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WARNING! Triumph Oil Pressure Switches

24744 Views 40 Replies 19 Participants Last post by  Landon
Hello fellow JJers. I have been reading this thread for some time and am concerned about the advise given for Triumph oil pressure switches. The problem I see is that some JJers are advising other members to install the wrong type of sender or adapter for an oil pressure gage. First off DO NOT use a tapered thread oil pressure sending unit or a tapered thread adapter for an oil pressure gage. Triumph oil pressure switches are a straight thread, not tapered. If you use a tapered oil pressure switch then there is a good chance you will crack your timing cover. When I was a Triumph mechanic back when the factory was on strike we could not get many parts. Only what was on the shelves at the distributer. Once that supply ran out we had to make due with what we had. I can remember my father taking an American made automotive type sending switch chucking it up in a lathe cutting a shoulder and turning the straight threads.
I hope my advice opens up the doors for discussion so this problem can be corrected.
Old Codger
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I'm dragging this thread back up as I have a question relevant to this thread so I'd like to keep info here to make searches easier.

I have a new, aftermarket timing cover fitted to a '73 t140v and I need to get a blanking bolt to plug where the oil pressure switch would go.

My original timing cover had the 1/8" NPS bolt but the new cover uses a 1/8" NPT Thread.

I need a simple short bolt to thread in there and am wondering if sucha thing exists. I can find nothing locally so I'm hoping for a Triumph part number perhaps.
E9526- 70-9526- Blanking Plug
Thank you!

Now, is that part number 1/8" NPT?

I tried finding a small socket head 1/8" NPT plug and can't find anything around here so I'll have to order that Triumph part next time I do a parts order.
Yeah its 1/8 npt... Allen head or square head one from your local True Value hardware store.. I always tape them, and dont over tighten and I have never had a problem...
Thanks again. I actually can't believe I've had such a hard time finding a stupid little NPT plug here so I'll have to order that Triumph part.
I managed to find a1/8" NPT socket head plug. How far in should it thread before it starts to get resistance?

I can thread the 1/4" long plug in maybe 2/3 of the way in before things start to get tight. I realize that is the nature of a taperd pipe thread. I apologize for asking such a rudimentary question, but I don't want to crack the timing cover.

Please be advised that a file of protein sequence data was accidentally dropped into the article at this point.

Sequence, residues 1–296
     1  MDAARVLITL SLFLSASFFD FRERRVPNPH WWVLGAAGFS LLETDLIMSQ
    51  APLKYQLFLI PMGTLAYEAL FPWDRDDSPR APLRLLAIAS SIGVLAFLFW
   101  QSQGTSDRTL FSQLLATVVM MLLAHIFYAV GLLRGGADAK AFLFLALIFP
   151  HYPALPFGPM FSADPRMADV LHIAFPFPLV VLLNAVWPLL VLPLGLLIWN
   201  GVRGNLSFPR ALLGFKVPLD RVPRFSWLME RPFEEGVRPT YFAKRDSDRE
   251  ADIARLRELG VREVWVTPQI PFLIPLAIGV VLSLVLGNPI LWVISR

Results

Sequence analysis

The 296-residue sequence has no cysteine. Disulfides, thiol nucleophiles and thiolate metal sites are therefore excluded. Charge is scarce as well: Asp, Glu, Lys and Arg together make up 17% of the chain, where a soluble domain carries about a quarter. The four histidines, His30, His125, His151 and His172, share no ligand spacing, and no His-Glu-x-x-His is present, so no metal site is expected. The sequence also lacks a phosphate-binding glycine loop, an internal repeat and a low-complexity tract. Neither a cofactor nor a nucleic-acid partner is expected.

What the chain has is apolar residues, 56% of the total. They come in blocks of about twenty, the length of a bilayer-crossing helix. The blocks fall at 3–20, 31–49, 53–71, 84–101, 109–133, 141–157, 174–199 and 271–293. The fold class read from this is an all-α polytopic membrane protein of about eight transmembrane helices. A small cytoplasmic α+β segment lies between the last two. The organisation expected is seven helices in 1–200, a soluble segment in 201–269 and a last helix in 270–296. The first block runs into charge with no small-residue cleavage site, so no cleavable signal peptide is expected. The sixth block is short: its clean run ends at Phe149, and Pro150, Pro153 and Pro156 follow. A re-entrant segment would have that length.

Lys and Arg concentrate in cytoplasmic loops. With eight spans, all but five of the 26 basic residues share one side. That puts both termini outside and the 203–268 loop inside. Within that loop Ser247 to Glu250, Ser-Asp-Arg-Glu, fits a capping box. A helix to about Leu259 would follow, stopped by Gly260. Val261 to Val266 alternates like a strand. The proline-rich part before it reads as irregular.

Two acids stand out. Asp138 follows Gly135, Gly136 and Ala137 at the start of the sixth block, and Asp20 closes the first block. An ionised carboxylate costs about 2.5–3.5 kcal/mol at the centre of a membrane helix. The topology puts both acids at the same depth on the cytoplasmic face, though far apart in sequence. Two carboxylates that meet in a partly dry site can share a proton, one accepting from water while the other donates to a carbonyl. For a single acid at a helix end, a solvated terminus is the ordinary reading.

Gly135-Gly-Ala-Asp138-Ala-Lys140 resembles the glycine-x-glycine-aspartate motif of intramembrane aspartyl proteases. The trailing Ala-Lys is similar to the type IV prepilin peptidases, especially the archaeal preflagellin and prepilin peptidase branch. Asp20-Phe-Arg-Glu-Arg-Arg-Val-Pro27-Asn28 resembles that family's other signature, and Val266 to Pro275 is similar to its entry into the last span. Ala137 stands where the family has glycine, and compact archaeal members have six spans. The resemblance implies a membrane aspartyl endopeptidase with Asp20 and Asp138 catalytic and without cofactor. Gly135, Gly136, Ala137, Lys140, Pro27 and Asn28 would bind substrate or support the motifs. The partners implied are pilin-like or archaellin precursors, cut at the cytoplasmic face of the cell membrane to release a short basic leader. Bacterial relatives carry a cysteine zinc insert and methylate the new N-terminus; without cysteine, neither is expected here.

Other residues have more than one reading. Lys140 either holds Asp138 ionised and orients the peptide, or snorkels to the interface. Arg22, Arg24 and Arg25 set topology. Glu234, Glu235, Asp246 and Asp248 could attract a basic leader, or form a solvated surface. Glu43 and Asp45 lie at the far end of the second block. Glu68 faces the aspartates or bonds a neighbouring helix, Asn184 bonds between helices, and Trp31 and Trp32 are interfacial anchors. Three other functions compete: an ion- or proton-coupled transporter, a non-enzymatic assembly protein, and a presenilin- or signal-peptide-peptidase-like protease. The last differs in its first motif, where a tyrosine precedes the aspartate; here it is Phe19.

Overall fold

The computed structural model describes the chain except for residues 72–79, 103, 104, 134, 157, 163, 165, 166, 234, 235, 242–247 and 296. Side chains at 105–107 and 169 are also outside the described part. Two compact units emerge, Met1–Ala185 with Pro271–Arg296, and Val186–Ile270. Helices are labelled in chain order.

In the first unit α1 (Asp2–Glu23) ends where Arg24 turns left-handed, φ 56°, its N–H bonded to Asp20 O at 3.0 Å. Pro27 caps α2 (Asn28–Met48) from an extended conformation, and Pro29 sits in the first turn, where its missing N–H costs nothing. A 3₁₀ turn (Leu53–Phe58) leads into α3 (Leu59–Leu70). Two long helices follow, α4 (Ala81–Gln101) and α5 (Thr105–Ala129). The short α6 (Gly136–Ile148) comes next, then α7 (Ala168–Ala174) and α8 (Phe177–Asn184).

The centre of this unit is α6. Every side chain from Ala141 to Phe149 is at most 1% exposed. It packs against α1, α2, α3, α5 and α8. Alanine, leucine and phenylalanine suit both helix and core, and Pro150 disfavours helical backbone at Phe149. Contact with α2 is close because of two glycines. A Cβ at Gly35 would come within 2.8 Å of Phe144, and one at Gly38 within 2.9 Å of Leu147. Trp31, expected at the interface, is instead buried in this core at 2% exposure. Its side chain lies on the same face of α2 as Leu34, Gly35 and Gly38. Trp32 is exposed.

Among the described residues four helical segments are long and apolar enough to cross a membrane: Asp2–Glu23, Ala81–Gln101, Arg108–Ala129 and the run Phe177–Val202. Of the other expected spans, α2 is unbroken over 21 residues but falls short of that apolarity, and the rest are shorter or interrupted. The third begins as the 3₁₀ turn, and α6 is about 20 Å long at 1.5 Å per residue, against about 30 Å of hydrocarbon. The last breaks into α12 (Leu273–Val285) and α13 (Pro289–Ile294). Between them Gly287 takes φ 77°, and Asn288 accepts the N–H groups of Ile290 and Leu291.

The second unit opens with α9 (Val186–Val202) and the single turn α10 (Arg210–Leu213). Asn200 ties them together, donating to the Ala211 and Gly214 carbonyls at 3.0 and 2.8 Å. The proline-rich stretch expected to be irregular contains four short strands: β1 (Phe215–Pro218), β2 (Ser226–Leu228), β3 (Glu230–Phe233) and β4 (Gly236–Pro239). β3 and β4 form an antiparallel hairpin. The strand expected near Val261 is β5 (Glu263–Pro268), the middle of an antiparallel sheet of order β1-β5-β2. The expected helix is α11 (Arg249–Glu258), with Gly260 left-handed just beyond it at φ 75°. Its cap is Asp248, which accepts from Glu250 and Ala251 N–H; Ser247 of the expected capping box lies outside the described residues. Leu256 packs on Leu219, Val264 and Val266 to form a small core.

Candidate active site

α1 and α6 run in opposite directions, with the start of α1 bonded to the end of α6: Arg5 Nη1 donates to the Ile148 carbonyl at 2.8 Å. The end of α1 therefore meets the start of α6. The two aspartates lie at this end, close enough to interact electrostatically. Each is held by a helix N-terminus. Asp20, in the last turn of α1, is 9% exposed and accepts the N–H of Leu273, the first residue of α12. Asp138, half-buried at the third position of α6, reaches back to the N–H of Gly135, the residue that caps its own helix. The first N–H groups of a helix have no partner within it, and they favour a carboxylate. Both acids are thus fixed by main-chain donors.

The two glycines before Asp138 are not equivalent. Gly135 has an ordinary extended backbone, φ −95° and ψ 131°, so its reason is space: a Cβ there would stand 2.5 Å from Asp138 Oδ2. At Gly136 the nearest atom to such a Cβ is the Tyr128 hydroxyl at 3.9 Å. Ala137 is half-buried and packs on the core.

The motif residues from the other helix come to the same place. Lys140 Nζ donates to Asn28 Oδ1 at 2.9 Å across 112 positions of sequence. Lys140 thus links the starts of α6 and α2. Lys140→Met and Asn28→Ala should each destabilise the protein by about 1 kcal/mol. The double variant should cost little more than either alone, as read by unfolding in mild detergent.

This is the timing cover I'm using with the 1/8" NPT. You can see why I'm leary of cracking it.
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If your going to have that much cash in that motor, then you should think about a switch, or gauge for sure.. I use the switches.. Gauges are a little over kill... If the motor was rebuilt right, it will have oil pressure... Like stated before, if you are going to put a large chunk of change (judging from the looks of that cover I would say you are).... Then put something other than a plug in it...
I thought the way you're thinking now. Plug or bolt would be temporary until I find a guage or something. I didn't want a switch to keep things clean (cosmetically and electrically) but I am starting to rethink things. Once the build is done, before final electrical work is complete I may wire in a switch. I'd prefer a guage but you can only see them while at a light or before you ride. I may do that until I make a nice mount for a guage near the bars.
True, but how many engines are actually built right? I'm sure you've had your fair share on repairing other peoples F/ups. Just recently we recieved a Trumpy for a few repairs and modifications. The customer asked us to fit an oil gauge and we did. On start up, there was zero oil pressure. Checked the gauge, worked fine. Pulled off the timing cover and the oil seal was ragged out. The engine was rebuilt using lots of new parts, including timing gears, oil pump etc. Very clean job. But it looked like someone had used their palm to drive the timing cover on and the seal must have caught the crank.
Lucky the bike wasn't ridden much since the rebuild. We caught it just in time. This is why we like to use oil gauges.
I bought my motor as rebuilt but when ripping the primary apart to fit a belt drive, I noticed no clutch nut washer and the rotor nut lock washer was beat to shit. There was the odd rounded off nut or ratty fastener, as well as a bent stator stud. When rebuilding you'd think putting in the appropriate washers and some new fasteners where required would be common practice but I guess not.
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